9 Best Practices for Running a BusinessRunning a Good business

9 best practices for running a business

As an individual, you might have a burning desire that leads to freelancing, or maybe you think of an idea that you want to get started right away. In either case, it is important that you set up your freelancing business for success from the start. If you have already started, you can still go back and complete all of these steps to ensure that you are compliant and set up to succeed in your endeavors. Here are 9 common places that freelancers often don’t know or forget to set up for their freelancing business.

Registering Your Business 

The first step to operating a business is registering that business. Depending on the country and the type of business, freelancers may need to register their business and obtain a license or permit to operate legally. There are different types of business licenses that come with their advantages and disadvantages. Click The 6 Most Common Business Structures to read more about the 6 most common business structures. 

Setting Up a Business Bank Account 

Separating personal and business finances is important for accounting and tax purposes and helps establish the business's credibility. Read more Importance of Separating Your Personal Account From Business Bank Account about the benefits of separating your business bank account from your personal account.

Setting Up an Invoicing System 

Having a clear and organized invoicing system can save time and prevent misunderstandings with clients regarding payment. Click Setting Up an Invoice System to read more on how it can also help with getting paid on time, record-keeping, professionalism, avoiding payment disputes, and providing a breakdown of services.

Keeping Track of Expenses

Keeping track of all business expenses throughout the year will save you hours of time when it comes to tax season. When keeping track of business expenses you will be able to identify where you can save money and file your taxes correctly. Read more Keeping Track of Expenses about how tracking your business expenses can help you with accurate accounting, budgeting, cost control, reimbursements, and tax deductions.

Developing a Contract or Agreement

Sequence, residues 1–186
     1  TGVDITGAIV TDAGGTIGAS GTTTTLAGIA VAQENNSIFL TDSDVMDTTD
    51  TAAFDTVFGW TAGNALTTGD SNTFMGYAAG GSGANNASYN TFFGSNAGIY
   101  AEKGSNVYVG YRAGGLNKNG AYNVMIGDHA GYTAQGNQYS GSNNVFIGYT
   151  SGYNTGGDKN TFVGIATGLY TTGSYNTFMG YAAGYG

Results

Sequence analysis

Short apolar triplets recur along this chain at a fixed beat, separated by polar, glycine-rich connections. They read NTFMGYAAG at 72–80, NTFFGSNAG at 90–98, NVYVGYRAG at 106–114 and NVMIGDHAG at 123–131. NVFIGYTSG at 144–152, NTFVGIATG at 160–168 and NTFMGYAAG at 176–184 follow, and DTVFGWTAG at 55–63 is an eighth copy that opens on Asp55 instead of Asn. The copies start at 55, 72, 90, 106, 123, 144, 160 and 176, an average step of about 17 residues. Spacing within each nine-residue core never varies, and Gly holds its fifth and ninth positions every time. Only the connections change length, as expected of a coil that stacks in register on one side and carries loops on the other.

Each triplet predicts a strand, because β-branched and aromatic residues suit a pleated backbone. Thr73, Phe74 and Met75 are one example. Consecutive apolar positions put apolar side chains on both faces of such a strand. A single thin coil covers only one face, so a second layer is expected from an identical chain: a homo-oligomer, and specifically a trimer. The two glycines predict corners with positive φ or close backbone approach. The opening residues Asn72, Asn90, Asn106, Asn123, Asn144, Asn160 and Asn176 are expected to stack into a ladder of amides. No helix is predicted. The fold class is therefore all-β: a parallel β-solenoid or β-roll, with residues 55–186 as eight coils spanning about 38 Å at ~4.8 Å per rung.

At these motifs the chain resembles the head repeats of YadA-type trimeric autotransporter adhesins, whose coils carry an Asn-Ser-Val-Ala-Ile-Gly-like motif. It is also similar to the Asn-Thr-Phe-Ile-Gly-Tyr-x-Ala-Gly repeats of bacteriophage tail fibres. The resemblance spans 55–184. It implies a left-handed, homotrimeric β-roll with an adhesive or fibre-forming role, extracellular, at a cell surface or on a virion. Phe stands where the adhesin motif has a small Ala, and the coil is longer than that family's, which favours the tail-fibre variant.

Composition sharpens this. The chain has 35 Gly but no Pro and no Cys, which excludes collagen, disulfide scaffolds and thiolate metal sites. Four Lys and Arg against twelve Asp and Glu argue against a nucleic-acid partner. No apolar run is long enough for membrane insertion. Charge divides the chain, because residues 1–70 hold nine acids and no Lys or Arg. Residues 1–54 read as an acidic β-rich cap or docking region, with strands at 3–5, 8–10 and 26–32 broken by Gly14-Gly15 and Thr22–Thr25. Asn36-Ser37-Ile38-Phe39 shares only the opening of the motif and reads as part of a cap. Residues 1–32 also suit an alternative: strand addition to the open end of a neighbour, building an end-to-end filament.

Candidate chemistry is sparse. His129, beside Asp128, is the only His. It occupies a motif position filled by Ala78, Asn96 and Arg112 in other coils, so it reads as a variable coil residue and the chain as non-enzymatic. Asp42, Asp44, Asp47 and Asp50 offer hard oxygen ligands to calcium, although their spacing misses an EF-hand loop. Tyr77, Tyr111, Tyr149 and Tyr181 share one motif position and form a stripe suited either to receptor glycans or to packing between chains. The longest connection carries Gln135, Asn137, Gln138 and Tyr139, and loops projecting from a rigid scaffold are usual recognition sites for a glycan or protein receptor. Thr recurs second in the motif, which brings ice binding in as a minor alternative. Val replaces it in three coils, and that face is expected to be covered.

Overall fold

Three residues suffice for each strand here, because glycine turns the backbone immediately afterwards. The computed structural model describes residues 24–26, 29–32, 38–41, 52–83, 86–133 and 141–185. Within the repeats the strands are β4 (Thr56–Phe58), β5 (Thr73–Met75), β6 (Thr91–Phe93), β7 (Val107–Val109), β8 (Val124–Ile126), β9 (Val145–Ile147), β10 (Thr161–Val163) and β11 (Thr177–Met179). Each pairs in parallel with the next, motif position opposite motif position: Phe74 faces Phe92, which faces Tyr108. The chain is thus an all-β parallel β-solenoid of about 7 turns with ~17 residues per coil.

Freelancers should always create an agreement or contract that will detail the current scope of work, payment details, and any other important details that could be misunderstood. This can protect you as a freelancer and will also save you time and money in the long run! Click Developing a Contract for Freelancers to read more about why creating a contract or agreement for every client is important

Marketing and Networking 

Freelancers often underestimate the time, effort, and skill it takes to market their services. It is important to have a strong marketing plan that both is effective and budget conscious. If marketing is a skill gap for you or your team, we would recommend hiring a freelance marketer to help with those efforts. At a very very minimum a freelancer needs a professional-looking website. How to Build a Website you can read about how to create a website in no time!

Managing Time and Workload

With limited resources, it is vital that freelancers manage their time and workload effectively. Managing Time and Workload as a Freelancer will help to avoid missing deadlines and experiencing burnout. Seven Ways to Manage Your Time as a Freelancer are five ways to manage your time as a freelancer.

Benefits & Retirement 

Traditional employees have access to employee benefits such as 401(k) plans and health insurance that freelancers have to obtain on their own. This is a very easy thing to put off or ignore because it usually doesn’t immediately affect you. It is vital that a freelancer finds ways to fund their retirement so they are not stuck working past 65.

Understanding Tax Obligations 

It is important that freelancers understand their tax obligations from the start. The percent of income that a freelancer should save for taxes varies depending on their income level, tax bracket, and location. However, a general rule of thumb is to save between 25-30% of their income for taxes.

As a freelancer, you are responsible for paying both income taxes and self-employment taxes (Social Security and Medicare taxes). Self-employment taxes are typically around 15.3% of your net income, and income tax rates can range from 10% to 37% depending on your income level and filing status.

It's important for freelancers to consult with a tax professional to determine the exact percentage they should be saving for taxes, as there may be additional deductions or credits they can take advantage of to reduce their tax liability. It's also recommended that freelancers make estimated quarterly tax payments to avoid penalties and interest charges.

It is important to note that the information provided in this blog is for general informational purposes only and is not intended to be legal or professional advice. When setting up a business we recommend that you consult a lawyer or utilize a service like Collective that sets up your business for you!